Adventure!, Blah, Family, Movies, Trips, TV

Slacking, As Usual

Sorry for not updating since Day 6. I did mention that it was going to be busy.

As some of you are already aware, I’m back in the U.S…arrived last Monday. Technically, I was back in the U.S. last Sunday (in NY), but didn’t get back to Dallas till Monday. During the last couple of days of the trip, I caught some sort of bug, and I didn’t succumb to it totally until the day I got home. Since then, I’ve been under the weather and in bed, sleeping it off. Right now, back at work, I’m still not feeling up to par, but getting there.

I guess, right now, I’ll give a gist of what happened the remainder of my trip:

Day 7 & 8 – That night we did a bunch of rehearsing for the upcoming event. It was also getting together days with other relatives. Can you believe there are 40 of us in all in the immediate family? It boggles the mind.

Day 9 – We had a one-day family outing to a place called Villa Escudero. It was an old plantation that they made into a resort park. It was interesting also to find an old church in there filled with different antiques. They even had an old love letter written in the deepest Tagalog I have ever read. They could’ve done better as far as preservation of the artifacts (some of the old pictures were deteriorating). The place also had a restaurant where you could dip your feet in the water while you eat. A nearby waterfall was also a treat, for both children and adults.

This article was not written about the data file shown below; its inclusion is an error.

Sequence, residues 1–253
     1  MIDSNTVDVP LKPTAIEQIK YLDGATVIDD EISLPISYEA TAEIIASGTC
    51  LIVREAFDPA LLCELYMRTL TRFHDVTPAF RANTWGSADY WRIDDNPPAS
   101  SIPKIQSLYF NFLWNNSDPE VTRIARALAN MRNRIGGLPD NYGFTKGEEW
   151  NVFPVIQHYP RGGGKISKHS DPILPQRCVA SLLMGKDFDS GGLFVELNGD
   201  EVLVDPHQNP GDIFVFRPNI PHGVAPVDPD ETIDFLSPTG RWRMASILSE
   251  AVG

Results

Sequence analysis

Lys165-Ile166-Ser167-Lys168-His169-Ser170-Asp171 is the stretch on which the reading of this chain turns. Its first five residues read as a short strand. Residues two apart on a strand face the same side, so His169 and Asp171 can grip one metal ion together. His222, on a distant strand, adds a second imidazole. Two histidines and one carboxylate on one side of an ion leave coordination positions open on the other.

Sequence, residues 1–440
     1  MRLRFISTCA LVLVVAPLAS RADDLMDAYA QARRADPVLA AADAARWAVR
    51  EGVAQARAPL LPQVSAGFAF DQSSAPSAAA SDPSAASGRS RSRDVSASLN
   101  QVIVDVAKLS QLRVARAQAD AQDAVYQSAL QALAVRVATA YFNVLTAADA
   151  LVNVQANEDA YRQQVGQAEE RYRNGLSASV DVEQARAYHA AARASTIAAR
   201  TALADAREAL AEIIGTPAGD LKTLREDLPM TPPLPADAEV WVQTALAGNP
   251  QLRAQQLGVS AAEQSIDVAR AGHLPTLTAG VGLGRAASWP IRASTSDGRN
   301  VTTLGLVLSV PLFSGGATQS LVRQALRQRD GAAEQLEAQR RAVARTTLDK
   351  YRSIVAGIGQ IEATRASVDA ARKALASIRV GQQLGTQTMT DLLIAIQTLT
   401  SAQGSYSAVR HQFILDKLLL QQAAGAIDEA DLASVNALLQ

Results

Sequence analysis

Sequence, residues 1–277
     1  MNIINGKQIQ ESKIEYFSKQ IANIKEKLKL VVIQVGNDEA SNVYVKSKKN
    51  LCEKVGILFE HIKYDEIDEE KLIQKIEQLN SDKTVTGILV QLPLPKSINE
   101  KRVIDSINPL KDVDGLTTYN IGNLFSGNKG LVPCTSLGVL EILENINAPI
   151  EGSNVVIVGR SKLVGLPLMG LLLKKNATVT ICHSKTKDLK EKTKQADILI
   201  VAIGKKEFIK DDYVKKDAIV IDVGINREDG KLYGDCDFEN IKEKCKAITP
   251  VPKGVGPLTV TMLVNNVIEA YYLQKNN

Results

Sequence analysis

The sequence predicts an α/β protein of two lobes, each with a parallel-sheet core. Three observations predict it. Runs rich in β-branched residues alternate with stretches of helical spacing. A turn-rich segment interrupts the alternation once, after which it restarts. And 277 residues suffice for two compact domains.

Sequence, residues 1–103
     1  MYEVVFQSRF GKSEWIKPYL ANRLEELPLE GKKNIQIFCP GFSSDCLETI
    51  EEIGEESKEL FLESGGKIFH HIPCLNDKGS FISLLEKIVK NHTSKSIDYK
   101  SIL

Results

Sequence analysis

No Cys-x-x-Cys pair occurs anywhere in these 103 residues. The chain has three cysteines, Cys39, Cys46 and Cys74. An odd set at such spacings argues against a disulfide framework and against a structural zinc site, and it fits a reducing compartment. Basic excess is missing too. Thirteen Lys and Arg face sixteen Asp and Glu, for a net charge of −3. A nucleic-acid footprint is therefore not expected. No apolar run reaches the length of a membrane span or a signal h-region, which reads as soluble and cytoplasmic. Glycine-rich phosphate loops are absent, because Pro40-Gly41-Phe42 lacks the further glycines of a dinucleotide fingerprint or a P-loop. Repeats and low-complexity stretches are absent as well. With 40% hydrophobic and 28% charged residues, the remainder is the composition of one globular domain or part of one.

Day 10 through 13 – Luci, my mom, my nephew Jorvin and I went to Banaue (also known as Banawe) to see the famous Rice Terraces, the 8th Wonder of the World. The hotel we stayed in overlooked the terraces and it’s always an amazing sight especially when you see them first thing in the morning. I was quite disappointed with the weather, though. Being in the mountains, we were told it would be a lot cooler than Manila, but it wasn’t even cool enough to give me a chill.

Also, I had the misfortune of tripping and grazing my knee before the trip, so my movements were limited though I did go up and down one of the cave sites we went to in Sagada, another town we went to for their famous hanging coffins. This picture was the exact place we went to. The way down was treacherous and you really have to use both hands to climb up and down most times. Of course, I had trouble but, I’m proud to say, I managed to do it.

Day 14 & 15 – Back to work for the event. This time, we went to a recording studio to record most of the songs we needed for the big day. It was also a chance to have all of my siblings, nephews, nieces, etc. together in an album full of Filipino folk songs and ballads.

Day 16 & 17 – I don’t know what we did during these days, but I do know that ever since I came back from Banaue, I was hooked to a local telenovela or soap opera called Full House. Actually, it’s a Korean soap opera, dubbed in Tagalog. :P My sibs keep laughing at me because of this, but I can’t help it because the story is so good. :) I even went and bought the complete season VCD of another Korean soap opera dubbed in Tagalog called Endless Love. I’m also waiting till the Full House one has come out with its complete season VCD so I can buy it. I even asked my sister back in the Philippines to let me know when it comes out. I laugh at myself by doing this, but I can’t help it, hehehehe.